"But we understand he still has to fulfill a contract with RSL," Escamilla said.
Escamilla has hosted her share of athletes before. Allen's visit to the Capitol on March 1 was different. She'd never come across a professional athlete this young and in-tune with the state of the country.
Then again, the Rochester, N.Y., native, who is in his fourth year with RSL, has proved to be anything but common. Having already dealt with various injuries on the field, he's also figuring out who he is off the field in Utah. He's figured out he's an athlete and activist who wants to be involved for the causes he believes in.
Last weekend at Rio Tinto Stadium, as the near-sellout crowd quieted for the national anthem, members of the Utah Army National Guard marched out onto the pitch. Allen pivoted slightly, locating their flags that were whipping in the wind. He swung his right hand from behind his back and placed it over his heart, his fingers grazing the bottom of RSL's crest. At the same time, his left hand was balled up tightly into a fist, held by his side.
It was subtle, but as the anthem played and another Major League Soccer season opened, Allen's left hand served as not only a personal statement, but what he calls a sign of the country's splintered political divide.
On the field, Allen's long-awaited moment has arrived. One of eight academy products on RSL's first-team roster in 2017, the preseason was an audition to prove he could be a starter — and he nailed it, scoring two goals and drawing two penalty kicks.
The fist, he explained, isn't a protest. It's his way of acknowledging the nation's ongoing civil unrest. He looked on last fall as NFL quarterback Colin Kaepernick took a knee during the national anthem, causing a coast-to-coast uproar. It inspired Allen to come up with his own statement, something that he felt represents not only himself, but the issues that he would like to see addressed — notably voter suppression and the effect the "War on Drugs" has had on the black community.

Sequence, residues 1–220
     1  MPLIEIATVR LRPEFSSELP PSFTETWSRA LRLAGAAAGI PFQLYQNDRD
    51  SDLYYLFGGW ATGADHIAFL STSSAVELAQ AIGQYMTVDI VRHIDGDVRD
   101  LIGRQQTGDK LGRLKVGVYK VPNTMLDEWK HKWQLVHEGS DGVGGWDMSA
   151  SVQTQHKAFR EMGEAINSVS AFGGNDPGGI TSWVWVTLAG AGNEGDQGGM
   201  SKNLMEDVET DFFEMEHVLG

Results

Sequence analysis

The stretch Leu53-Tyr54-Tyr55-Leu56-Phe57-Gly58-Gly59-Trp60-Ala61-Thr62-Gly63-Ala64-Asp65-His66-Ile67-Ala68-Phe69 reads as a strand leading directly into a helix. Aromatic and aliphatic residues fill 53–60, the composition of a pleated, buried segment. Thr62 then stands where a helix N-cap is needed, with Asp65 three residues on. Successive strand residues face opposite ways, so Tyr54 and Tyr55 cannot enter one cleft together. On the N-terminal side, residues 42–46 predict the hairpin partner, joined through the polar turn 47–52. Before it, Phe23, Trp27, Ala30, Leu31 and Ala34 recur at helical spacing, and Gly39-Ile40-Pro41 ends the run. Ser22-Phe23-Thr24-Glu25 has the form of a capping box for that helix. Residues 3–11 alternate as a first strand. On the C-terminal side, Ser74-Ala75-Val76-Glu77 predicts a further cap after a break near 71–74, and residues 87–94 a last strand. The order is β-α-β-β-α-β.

"I don't personally feel that acknowledging issues within the country and being a proud American are mutually exclusive," he said.
U.S. Soccer recently caused a stir with its new national anthem policy requiring all players representing the federation to "stand respectfully during the playing of national anthems." Allen wouldn't be in violation, but that doesn't mean the most politically active guy on the team — perhaps on any professional sports roster in Utah — is sitting down when it comes to the issues he's most passionate about.
When the national anthem came to an end in RSL's season-opener against Toronto FC, the crowd erupted and Allen opened his fist, removed his right hand from his heart and smacked his hands together like everyone else in Rio Tinto Stadium.
It should come as no surprise that the 21-year-old Allen takes to social media to voice his thoughts. And he doesn't hold back. The right-sided attacking player regularly smashes The Right. At 11:52 p.m. on last Nov. 8 — Election Night — Allen drafted a tweet and hit send.
It read: "f--- donald trump and all that he represents"
And there it has stayed, because Allen doesn't waver. When he posts politically charged tweets, he's received the "#sticktosports" response that is now always a part of the conversation when the sporting world and political realm collide.